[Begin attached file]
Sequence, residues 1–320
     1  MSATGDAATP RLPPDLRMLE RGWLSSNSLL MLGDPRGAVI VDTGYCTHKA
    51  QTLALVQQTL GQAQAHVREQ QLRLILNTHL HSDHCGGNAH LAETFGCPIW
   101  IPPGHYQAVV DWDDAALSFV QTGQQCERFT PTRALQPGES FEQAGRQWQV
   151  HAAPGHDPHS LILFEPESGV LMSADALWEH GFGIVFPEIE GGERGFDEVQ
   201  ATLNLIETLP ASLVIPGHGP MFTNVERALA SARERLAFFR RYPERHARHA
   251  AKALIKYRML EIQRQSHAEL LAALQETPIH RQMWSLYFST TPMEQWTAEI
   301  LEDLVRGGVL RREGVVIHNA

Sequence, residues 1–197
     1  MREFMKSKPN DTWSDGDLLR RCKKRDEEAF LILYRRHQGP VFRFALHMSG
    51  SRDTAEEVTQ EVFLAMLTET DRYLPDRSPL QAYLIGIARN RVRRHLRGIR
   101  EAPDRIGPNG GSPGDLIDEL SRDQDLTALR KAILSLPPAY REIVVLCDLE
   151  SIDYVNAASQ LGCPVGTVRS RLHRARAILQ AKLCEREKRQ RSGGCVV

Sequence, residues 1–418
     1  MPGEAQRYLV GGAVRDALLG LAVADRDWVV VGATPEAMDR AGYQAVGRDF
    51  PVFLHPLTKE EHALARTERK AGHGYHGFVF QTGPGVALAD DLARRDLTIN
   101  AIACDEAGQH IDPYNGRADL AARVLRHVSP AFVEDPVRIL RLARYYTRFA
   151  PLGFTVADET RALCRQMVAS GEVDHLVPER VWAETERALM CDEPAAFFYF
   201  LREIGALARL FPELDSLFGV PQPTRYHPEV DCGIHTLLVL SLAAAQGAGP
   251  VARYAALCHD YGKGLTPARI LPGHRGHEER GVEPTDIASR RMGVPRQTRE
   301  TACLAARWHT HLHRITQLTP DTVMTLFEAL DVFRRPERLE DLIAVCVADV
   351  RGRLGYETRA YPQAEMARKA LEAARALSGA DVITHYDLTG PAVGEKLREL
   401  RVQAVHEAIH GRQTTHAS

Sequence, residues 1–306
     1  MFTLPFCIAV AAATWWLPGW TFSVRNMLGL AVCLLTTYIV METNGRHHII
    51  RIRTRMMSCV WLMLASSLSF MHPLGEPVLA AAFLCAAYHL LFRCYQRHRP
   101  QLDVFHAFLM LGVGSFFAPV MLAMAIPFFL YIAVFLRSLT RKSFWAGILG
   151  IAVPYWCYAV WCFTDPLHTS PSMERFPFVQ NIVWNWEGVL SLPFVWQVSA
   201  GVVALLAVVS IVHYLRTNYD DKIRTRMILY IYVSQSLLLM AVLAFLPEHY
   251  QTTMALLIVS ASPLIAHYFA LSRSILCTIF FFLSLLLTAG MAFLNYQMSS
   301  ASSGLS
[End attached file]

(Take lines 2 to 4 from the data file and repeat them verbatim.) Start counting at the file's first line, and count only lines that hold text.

     1  MSATGDAATP RLPPDLRMLE RGWLSSNSLL MLGDPRGAVI VDTGYCTHKA
    51  QTLALVQQTL GQAQAHVREQ QLRLILNTHL HSDHCGGNAH LAETFGCPIW
   101  IPPGHYQAVV DWDDAALSFV QTGQQCERFT PTRALQPGES FEQAGRQWQV